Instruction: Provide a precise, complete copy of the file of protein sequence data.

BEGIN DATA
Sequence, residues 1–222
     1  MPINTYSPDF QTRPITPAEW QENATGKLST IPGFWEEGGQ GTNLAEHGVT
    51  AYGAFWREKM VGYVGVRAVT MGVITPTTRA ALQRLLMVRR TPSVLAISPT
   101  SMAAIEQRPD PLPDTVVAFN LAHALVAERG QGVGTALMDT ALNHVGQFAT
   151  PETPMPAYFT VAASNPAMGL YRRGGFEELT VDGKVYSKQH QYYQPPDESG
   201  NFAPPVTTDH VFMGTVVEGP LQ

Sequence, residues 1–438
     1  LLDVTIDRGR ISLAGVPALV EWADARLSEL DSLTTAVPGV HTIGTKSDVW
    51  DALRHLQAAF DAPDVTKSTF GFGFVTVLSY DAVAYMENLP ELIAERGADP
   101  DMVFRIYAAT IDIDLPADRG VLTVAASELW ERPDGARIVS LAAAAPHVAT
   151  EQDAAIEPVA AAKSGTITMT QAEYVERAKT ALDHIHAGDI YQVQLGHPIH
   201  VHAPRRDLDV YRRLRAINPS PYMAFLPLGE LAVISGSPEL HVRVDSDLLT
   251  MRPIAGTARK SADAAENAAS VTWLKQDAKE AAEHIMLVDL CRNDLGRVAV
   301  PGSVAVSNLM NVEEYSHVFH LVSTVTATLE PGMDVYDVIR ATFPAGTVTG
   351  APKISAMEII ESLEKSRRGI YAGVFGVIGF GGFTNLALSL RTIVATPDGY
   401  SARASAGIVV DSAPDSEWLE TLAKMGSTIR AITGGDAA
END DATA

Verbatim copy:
Sequence, residues 1–222
     1  MPINTYSPDF QTRPITPAEW QENATGKLST IPGFWEEGGQ GTNLAEHGVT
    51  AYGAFWREKM VGYVGVRAVT MGVITPTTRA ALQRLLMVRR TPSVLAISPT
   101  SMAAIEQRPD PLPDTVVAFN LAHALVAERG QGVGTALMDT ALNHVGQFAT
   151  PETPMPAYFT VAASNPAMGL YRRGGFEELT VDGKVYSKQH QYYQPPDESG
   201  NFAPPVTTDH VFMGTVVEGP LQ

Sequence, residues 1–438
     1  LLDVTIDRGR ISLAGVPALV EWADARLSEL DSLTTAVPGV HTIGTKSDVW
    51  DALRHLQAAF DAPDVTKSTF GFGFVTVLSY DAVAYMENLP ELIAERGADP
   101  DMVFRIYAAT IDIDLPADRG VLTVAASELW ERPDGARIVS LAAAAPHVAT
   151  EQDAAIEPVA AAKSGTITMT QAEYVERAKT ALDHIHAGDI YQVQLGHPIH
   201  VHAPRRDLDV YRRLRAINPS PYMAFLPLGE LAVISGSPEL HVRVDSDLLT
   251  MRPIAGTARK SADAAENAAS VTWLKQDAKE AAEHIMLVDL CRNDLGRVAV
   301  PGSVAVSNLM NVEEYSHVFH LVSTVTATLE PGMDVYDVIR ATFPAGTVTG
   351  APKISAMEII ESLEKSRRGI YAGVFGVIGF GGFTNLALSL RTIVATPDGY
   401  SARASAGIVV DSAPDSEWLE TLAKMGSTIR AITGGDAA